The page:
The song played by the band for their audition tape was "In the Mood" by the Glenn Miller Orchestra. The first song played at the concert finale is "Moonlight Serenade" by Glenn Miller. The second song played is "Mexican Flyer" by Ken Woodman. It is featured in Space Channel 5, which Tomoko's little sister plays early on in the movie. The final song played is "Sing Sing Sing with a Swing" by Louis Prima.

 

Many of the girls really could not play these instruments, and they did play the performances in the film, after training for only 5 months. To prove this was not movie-magic, a tour was organized after the film with a live CD released shortly after.

 

http://en.wikipedia.org/wiki/Benny_Goodman
http://www.bennygoodman.com/index.php

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Benny Goodman: May 30, 1909 – June 13, 1986 ~ "Ding Dong Daddy" (1972)

"This is a performance of the Benny Goodman Quintet, featuring Benny Goodman himself, Gene Krupa, and Lionel Hampton [with Teddie Wilson and George Duvivier]." 

http://www.bennygoodman.com/index.php

http://en.wikipedia.org/wiki/Benny_Goodman

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May 29: International Day of United Nations Peacekeepers ~ "Peace Will Come" - Tom Paxton

Tom Paxton's song Videoed in Jacob's Ladder Folk Festival, Israel July 1st 1994...

 

The "International Day of United Nations Peacekeepers", May 29, is "a day to pay tribute to all the men and women who have served and continue to serve in United Nations peacekeeping operations for their high level of professionalism, dedication, and courage and to honor the memory of those who have lost their lives in the cause of peace."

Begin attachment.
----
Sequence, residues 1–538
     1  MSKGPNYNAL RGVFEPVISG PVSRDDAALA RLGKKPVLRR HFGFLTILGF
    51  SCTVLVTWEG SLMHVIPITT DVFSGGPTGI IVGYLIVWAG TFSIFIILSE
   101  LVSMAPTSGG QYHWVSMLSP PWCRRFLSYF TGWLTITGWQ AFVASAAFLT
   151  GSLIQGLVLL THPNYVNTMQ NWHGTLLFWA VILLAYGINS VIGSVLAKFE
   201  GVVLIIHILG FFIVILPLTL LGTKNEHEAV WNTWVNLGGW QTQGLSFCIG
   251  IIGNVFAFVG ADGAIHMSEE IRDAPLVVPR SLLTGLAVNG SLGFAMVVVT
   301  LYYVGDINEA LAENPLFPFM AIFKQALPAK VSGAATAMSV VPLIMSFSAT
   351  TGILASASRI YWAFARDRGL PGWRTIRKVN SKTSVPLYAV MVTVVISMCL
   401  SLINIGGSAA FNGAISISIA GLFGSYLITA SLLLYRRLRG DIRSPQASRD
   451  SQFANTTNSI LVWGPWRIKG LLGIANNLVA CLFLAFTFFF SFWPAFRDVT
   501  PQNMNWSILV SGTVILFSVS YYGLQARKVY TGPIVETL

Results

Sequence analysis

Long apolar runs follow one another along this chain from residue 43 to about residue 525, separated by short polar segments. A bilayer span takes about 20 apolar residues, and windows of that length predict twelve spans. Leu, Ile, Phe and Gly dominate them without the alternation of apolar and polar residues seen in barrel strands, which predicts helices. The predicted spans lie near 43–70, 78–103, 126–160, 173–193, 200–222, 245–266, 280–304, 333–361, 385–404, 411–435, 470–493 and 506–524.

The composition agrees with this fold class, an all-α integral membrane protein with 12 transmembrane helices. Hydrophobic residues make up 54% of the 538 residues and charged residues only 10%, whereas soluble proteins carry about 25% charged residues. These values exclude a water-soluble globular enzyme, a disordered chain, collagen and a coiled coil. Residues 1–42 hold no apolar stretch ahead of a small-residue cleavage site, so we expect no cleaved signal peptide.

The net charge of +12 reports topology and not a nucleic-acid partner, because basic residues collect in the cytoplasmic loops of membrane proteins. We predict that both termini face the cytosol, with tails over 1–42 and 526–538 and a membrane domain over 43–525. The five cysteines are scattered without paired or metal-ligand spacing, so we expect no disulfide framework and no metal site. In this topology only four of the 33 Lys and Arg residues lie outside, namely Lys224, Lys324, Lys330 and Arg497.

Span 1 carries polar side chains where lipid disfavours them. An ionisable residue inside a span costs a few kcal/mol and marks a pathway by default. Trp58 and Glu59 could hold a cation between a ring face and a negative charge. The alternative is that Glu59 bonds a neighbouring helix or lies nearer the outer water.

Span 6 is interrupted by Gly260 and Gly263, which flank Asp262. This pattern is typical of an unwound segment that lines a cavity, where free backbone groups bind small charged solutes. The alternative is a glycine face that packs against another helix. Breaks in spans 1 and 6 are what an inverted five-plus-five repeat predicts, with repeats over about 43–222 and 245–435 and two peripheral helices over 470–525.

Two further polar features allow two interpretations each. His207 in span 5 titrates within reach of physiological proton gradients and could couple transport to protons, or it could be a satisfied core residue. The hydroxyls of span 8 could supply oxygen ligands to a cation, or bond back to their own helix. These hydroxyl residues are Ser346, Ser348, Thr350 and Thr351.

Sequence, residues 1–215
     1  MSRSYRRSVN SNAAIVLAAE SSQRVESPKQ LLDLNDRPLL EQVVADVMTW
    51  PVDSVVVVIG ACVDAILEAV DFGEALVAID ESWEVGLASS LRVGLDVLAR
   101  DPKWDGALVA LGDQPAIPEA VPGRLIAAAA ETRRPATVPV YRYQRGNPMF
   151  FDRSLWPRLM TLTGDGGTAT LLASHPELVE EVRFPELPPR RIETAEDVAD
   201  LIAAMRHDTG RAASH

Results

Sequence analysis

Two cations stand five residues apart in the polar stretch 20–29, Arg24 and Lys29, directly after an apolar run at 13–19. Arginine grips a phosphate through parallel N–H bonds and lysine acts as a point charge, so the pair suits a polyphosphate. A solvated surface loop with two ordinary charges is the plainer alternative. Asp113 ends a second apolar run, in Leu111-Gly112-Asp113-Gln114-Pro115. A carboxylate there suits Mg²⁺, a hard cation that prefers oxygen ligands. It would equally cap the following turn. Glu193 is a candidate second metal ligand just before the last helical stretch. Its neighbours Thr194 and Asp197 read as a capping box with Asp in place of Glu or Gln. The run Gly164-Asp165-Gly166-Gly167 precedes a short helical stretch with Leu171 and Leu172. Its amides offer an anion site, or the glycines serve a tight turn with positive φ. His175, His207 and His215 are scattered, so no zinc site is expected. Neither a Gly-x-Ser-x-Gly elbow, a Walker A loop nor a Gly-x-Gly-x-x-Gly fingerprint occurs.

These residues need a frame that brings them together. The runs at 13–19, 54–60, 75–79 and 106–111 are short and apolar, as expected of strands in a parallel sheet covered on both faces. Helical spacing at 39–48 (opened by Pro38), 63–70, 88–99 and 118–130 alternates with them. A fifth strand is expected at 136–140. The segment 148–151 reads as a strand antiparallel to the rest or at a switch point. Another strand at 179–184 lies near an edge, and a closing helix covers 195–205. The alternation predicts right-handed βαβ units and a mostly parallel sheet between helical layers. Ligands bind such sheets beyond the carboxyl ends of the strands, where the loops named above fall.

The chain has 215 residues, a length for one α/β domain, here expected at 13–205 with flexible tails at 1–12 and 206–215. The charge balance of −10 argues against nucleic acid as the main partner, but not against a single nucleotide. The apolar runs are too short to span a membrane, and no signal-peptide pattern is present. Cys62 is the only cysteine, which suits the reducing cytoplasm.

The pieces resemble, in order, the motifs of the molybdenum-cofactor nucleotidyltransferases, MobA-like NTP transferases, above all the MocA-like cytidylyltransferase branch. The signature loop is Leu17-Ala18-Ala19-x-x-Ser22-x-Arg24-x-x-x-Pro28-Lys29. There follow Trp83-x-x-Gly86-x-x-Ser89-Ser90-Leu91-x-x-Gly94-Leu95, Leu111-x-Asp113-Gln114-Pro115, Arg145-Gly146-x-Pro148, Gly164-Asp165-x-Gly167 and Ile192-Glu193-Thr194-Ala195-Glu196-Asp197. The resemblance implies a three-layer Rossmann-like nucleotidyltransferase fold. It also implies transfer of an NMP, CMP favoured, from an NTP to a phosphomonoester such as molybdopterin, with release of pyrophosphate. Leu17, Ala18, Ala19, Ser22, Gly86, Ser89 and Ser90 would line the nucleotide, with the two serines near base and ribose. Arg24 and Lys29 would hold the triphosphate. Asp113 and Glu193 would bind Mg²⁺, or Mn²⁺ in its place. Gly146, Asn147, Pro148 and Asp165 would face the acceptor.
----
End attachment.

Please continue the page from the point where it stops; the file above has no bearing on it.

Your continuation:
It was so designated by United Nations General Assembly Resolution 57/129, on December 11, 2002 after official request of Ukrainian Peacekeepers Association and Government of Ukraine to UN General Assembly and first celebrated in 2003. The date, May 29, marks the anniversary of the creation of the United Nations Truce Supervision Organization (UNTSO), in 1948 to monitor the ceasefire after the 1948 Arab-Israeli War, which was the first ever UN peacekeeping mission.

 

The day is marked at the United Nations Headquarters in New York City with the presentation of the Dag Hammarskjöld Medal, statements by the President of the General Assembly and the Secretary-General a press release regarding the state of UN Peacekeeping missions and the continued necessity of their work.